I think it is premature for localities to be taking these actions absent a very compelling reason. And having not heard from their voters since the passage of the initiative, I would like to think it would be difficult to know where they stand on this. I've heard some of them say that they've heard from their constituents. Sure, you've heard from the ones who care about it.
They could do this by local referendum, and they should do it. Any local official who decides that marijuana businesses should be banned should be absolutely confident that a majority of voters in their locality would support that if it were put in front of them at the ballot box.
What's next for Colorado? Where do we go from here?
It's already happening. It's only been six months since it passed, less than five months since it went into effect. Things are moving very quickly. And seemingly quite efficiently, in my opinion. So I think it will continue to move forward with implementation, and we will establish a system, and then we will continue to address elements of that system as needed. If it becomes clear that something is not working, we will address that. These things will always come out.
I've said this a million times. Don't hate the player, hate the game. There's a debate to be had over whether our legislative system works and represents people versus private interest and how to things get done. It's a valid debate to have. But in light of the fact that this is the current system, that is what is going to need to happen with this.
You're now with the Marijuana Policy Project as their national spokesman. With MPP supporting ten different legalization initiatives this year across the country, how are you approaching it from the national level? What are things you've done right that you're taking with you to other states?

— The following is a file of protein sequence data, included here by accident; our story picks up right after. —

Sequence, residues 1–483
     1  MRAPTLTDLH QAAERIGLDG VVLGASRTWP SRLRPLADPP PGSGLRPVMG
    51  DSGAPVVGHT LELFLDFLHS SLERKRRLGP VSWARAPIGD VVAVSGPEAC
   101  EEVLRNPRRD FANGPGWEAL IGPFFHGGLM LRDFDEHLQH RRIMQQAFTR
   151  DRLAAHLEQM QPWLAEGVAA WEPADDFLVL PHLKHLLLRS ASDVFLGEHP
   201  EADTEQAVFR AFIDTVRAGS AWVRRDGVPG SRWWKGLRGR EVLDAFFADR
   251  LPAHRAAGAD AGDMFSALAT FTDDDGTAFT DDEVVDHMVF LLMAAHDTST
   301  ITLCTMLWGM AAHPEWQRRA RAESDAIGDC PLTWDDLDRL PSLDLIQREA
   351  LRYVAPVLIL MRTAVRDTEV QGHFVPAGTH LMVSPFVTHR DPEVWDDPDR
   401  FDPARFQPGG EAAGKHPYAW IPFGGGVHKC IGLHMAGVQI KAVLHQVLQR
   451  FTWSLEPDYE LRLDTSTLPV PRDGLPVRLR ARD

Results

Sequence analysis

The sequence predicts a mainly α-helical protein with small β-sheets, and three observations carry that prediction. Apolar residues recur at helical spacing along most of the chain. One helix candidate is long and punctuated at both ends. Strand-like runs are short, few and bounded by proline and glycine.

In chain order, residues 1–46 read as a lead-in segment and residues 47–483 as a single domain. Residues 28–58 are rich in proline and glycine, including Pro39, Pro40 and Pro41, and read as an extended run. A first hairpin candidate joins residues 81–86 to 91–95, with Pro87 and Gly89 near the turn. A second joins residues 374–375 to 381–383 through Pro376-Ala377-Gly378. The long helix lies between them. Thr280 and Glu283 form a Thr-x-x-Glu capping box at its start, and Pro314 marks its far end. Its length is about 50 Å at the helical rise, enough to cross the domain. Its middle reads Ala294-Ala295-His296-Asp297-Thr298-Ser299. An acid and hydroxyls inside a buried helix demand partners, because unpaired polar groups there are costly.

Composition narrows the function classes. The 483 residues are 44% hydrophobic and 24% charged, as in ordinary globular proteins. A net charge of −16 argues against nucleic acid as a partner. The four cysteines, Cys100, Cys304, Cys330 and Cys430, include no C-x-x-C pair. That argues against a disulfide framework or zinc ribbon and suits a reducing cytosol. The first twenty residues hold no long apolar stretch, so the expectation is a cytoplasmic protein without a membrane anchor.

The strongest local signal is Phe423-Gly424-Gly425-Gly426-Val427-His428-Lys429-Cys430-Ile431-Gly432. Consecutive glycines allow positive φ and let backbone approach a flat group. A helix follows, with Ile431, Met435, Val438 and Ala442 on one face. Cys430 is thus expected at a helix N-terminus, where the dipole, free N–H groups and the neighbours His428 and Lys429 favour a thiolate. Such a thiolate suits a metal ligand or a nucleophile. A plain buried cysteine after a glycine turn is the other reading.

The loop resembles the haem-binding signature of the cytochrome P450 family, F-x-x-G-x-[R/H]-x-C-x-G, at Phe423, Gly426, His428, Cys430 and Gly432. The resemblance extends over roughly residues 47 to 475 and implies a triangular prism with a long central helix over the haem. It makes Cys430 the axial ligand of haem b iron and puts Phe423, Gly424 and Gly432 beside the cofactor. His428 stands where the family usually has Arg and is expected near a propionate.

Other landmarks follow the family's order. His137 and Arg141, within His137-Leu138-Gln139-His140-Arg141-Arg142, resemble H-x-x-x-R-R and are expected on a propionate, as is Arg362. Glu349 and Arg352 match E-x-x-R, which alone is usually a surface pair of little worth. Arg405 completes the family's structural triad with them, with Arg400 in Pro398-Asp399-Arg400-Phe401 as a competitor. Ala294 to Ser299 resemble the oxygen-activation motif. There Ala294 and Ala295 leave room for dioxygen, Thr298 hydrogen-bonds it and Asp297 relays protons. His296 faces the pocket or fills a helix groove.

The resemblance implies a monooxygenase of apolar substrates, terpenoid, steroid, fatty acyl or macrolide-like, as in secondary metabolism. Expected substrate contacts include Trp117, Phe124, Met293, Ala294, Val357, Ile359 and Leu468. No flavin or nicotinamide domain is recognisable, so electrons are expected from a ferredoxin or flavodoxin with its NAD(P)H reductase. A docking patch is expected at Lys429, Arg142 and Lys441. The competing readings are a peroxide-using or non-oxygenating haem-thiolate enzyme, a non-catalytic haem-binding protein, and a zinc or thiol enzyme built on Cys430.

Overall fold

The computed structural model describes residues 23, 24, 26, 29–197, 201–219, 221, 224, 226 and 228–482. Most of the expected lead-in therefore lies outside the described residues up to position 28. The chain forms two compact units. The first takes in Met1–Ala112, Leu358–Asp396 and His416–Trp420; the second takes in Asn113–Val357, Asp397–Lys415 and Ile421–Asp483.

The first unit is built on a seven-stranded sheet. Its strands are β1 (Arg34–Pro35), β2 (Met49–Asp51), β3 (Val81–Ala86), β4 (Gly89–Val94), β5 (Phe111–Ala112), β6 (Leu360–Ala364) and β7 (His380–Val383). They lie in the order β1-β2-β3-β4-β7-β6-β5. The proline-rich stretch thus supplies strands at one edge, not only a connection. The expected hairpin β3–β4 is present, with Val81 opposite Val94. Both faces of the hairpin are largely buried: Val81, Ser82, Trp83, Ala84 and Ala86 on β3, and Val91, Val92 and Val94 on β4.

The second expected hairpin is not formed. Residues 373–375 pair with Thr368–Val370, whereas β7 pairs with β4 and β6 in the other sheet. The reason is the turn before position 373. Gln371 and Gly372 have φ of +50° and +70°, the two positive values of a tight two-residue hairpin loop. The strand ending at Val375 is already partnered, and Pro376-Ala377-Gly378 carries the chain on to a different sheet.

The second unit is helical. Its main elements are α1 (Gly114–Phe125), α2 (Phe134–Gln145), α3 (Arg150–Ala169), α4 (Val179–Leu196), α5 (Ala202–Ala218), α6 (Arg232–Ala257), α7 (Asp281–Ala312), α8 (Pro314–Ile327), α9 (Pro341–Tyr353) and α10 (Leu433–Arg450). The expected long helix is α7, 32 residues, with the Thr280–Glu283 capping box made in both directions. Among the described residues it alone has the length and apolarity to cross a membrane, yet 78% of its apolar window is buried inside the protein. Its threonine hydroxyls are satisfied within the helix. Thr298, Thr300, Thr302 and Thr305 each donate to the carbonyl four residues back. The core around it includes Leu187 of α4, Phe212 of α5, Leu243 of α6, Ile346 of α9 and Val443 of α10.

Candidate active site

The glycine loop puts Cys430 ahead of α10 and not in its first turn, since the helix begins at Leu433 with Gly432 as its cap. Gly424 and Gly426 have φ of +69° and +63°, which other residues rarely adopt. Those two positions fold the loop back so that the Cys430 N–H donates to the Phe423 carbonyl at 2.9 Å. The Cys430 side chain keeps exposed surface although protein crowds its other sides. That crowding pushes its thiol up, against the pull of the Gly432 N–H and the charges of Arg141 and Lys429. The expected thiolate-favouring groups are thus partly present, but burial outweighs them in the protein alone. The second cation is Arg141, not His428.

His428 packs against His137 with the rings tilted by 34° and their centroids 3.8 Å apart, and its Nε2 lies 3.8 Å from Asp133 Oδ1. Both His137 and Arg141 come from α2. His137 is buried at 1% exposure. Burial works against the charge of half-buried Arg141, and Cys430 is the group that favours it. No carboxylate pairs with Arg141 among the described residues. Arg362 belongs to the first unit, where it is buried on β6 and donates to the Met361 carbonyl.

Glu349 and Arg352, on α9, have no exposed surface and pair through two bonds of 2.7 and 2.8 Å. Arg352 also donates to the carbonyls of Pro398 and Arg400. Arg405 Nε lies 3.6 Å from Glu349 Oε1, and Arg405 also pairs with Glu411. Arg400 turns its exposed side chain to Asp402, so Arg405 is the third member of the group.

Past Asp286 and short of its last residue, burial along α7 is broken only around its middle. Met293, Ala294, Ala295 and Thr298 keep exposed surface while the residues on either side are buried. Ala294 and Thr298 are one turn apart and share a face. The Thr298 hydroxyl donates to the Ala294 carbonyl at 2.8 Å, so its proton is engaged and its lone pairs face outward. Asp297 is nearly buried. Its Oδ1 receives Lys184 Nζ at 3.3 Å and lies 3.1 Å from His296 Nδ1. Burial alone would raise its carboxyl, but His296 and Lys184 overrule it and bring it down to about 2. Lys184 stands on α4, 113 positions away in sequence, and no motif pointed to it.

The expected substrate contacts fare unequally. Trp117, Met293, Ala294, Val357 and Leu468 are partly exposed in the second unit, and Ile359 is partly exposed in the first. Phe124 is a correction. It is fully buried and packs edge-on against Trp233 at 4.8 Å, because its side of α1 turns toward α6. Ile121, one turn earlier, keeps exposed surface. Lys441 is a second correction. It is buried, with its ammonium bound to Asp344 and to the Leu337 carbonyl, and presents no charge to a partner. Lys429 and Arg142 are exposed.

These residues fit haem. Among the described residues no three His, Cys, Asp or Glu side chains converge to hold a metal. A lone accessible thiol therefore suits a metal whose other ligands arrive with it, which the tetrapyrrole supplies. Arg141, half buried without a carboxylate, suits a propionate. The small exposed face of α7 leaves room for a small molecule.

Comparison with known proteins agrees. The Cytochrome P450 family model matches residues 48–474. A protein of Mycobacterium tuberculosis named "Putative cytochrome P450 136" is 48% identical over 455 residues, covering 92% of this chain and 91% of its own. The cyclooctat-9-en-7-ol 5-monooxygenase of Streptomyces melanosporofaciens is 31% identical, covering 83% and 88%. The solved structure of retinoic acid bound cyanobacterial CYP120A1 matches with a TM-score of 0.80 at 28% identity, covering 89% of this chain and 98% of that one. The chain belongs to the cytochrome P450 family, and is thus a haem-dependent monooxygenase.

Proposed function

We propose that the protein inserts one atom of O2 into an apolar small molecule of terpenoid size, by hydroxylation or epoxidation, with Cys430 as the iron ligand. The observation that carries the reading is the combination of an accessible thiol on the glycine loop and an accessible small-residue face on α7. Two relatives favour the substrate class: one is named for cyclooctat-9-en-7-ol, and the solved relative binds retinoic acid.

Placing more emphasis on the "marijuana is safer than alcohol" message; MPP never really made an effort to make that message before. With MPP, there is more emphasis being placed on that message. I now have to talk a lot more about medical marijuana, which I've talked about publicly and answered questions about — but it's never been the area of marijuana policy that I've focused on. I defer to Brian [Vicente, the Denver attorney he worked with on Amendment 64].
But now we have bills all around the country that we are working on, so I have to talk about medical marijuana more and more. Talking about decriminalization, which isn't hard — but it's different. A lot of our work is taking place in state legislatures, which I've never really done. Contrary to the Westword comment board, I was not ever involved in any of the medical marijuana legislative activity; it's not my area of expertise. I'm not an attorney. There are people who are working on it, and I trust that they are representing what I want.